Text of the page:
1.1 Background of the study
Human Immune-deficiency Virus (HIV)/Acquired Immune Deficiency Syndrome (AIDS) remains incurable and devastates many communities and nations. Since the first reported case in the United State in 1981, it has spread unremittingly to virtually every country in the world. The number of people living with HIV virus has risen from about 10 million in 1991 to 33 million in 2007. In the same year, there were 2.7 million infections and 2 million HIV related death. Globally, about 45% of new infections occur among young people (The Guardian, 2009).
Africa remains the must affected region in the world. Sub-Saharan Africa which has just about 10% of the world’s population is home to two-third of …show more content…
It was first reported in the United States in July 1981. The New York Times reported an outbreak of the disease in New York and California as a rare form of cancer among gay men first referred to as “Gay cancer” but medically known as Kaposi’s sarcoma. In the second year of the outbreak of the disease it was investigated by the Disease Control Department called Centre for Disease Control (CDC) which link the disease to blood and coin the term AIDS. In the first year of the outbreak, over 1600 cases were diagnosed with about 700 deaths, (UNAID, 2008).
As the number of deaths soared, medical experts scramble to find the cause and more importantly a cure. In 1994 Institute Pasteur France discovered what they called human immune deficiency virus (HIV) and DR. R. Gallo confirmed that HIV was the cause of AIDS in 1985.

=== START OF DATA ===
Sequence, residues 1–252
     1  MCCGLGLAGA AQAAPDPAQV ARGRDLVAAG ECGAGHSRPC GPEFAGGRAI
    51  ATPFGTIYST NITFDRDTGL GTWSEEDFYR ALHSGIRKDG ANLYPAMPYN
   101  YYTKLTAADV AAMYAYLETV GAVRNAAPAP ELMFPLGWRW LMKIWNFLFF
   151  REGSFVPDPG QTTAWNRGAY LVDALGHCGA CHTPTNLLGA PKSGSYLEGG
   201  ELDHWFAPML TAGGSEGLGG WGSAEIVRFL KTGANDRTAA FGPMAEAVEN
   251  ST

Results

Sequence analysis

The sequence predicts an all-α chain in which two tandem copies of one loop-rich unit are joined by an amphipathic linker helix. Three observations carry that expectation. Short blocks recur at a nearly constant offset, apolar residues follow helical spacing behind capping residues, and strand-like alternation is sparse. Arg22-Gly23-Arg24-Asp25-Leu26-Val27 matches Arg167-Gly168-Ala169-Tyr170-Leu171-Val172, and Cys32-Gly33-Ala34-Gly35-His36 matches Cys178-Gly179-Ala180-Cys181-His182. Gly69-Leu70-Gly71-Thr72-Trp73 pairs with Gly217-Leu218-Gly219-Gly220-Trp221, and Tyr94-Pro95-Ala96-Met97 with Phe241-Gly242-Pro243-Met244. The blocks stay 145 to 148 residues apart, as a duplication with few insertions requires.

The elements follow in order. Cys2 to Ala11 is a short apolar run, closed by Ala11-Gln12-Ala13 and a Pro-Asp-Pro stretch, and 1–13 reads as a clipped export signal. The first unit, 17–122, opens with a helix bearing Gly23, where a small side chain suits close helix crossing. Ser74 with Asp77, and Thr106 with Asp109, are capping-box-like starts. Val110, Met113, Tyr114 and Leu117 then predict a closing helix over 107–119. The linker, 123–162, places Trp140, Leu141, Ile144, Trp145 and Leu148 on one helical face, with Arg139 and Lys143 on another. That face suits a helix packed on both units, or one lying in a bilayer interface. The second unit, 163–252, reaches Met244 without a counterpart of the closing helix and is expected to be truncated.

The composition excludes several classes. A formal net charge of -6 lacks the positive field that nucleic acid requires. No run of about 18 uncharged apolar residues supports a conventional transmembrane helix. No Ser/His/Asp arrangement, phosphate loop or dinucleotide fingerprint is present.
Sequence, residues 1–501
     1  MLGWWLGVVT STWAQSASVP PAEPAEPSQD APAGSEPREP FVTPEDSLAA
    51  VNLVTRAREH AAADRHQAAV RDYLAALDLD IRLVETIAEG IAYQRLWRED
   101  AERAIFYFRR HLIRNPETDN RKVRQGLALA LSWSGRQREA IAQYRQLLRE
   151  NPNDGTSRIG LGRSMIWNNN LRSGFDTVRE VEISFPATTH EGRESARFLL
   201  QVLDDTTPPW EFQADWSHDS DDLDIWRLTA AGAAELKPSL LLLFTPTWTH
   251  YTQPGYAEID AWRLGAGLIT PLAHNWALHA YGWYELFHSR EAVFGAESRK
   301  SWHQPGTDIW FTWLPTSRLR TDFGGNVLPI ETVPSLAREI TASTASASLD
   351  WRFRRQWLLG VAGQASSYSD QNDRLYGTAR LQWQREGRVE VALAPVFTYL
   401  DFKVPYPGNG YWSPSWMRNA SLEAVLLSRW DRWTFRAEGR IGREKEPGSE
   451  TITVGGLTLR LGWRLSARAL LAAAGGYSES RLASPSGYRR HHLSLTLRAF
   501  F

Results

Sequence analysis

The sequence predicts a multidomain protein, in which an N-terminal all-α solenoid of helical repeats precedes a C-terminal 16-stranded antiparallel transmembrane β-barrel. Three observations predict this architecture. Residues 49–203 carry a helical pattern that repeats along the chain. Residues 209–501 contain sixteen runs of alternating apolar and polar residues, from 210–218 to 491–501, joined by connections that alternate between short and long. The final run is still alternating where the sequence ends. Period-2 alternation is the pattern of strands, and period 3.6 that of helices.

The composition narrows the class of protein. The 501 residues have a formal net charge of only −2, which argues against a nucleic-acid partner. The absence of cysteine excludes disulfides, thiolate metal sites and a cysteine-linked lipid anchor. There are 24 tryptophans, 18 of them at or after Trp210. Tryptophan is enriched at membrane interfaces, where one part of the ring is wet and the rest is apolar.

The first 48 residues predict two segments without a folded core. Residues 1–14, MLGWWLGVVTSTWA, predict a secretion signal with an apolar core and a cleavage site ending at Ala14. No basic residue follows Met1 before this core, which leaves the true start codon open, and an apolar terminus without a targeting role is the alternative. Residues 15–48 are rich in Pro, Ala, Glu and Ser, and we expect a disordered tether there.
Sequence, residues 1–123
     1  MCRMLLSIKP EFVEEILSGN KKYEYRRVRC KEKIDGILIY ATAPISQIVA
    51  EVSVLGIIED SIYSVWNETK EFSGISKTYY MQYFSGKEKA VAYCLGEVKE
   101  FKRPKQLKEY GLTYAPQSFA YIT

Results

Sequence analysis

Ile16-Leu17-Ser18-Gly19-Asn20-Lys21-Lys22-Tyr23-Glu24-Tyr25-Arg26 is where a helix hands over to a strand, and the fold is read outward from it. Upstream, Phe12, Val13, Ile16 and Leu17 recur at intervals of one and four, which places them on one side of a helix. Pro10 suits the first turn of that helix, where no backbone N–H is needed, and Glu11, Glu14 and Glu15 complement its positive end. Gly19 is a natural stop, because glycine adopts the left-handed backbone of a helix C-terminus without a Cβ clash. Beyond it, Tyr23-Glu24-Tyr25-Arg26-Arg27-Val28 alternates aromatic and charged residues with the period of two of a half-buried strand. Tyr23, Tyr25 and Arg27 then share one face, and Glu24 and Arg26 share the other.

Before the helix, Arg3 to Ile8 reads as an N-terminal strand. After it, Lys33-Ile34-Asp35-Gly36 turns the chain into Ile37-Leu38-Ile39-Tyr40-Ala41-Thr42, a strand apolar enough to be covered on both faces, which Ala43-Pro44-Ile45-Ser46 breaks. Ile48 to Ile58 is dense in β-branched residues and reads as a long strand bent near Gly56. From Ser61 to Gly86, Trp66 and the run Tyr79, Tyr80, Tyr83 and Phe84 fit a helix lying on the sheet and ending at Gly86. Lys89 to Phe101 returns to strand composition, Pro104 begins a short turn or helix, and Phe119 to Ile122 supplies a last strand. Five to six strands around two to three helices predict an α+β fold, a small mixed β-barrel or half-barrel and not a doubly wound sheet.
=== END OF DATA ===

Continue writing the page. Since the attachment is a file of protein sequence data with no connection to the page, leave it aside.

Following the discovery, the first test for HIV was approved in 1985. Over the years, medications to combat the virus were developed as well as medicine to prevent infection all without a successful result. HIV/AIDS remain one of the greatest health and social problem threatening humanity. The basic biology of the virus from inside out include RNA which contains all of its genetic information, a key enzymes it uses to replicates (reverse transcriptase) and a binding proteins that allow it to binds to human cell, (USAID,2007).
Basic Structure of the …show more content…
There are an estimated 33.3 million people living with the virus, and each year millions more people become infected (USAID, 2008). Effective HIV and AIDS education can help prevent these new infections by providing people with information about HIV and how it is passed on, and in doing so equipping individuals with the knowledge to protect themselves from becoming infected with the virus.
HIV and AIDS education also plays a vital role in reducing stigma and discrimination. Around the world, there continues to be a great deal of fear and stigmatization of people living with HIV, which is fuelled by misunderstanding and misinformation. This not only has a negative impact on people living with HIV, but can also fuel the spread of HIV by discouraging people from seeking testing and treatment. “AIDS affects many parts of society, and so everyone needs to be aware of HIV and AIDS.” (Durojaiye,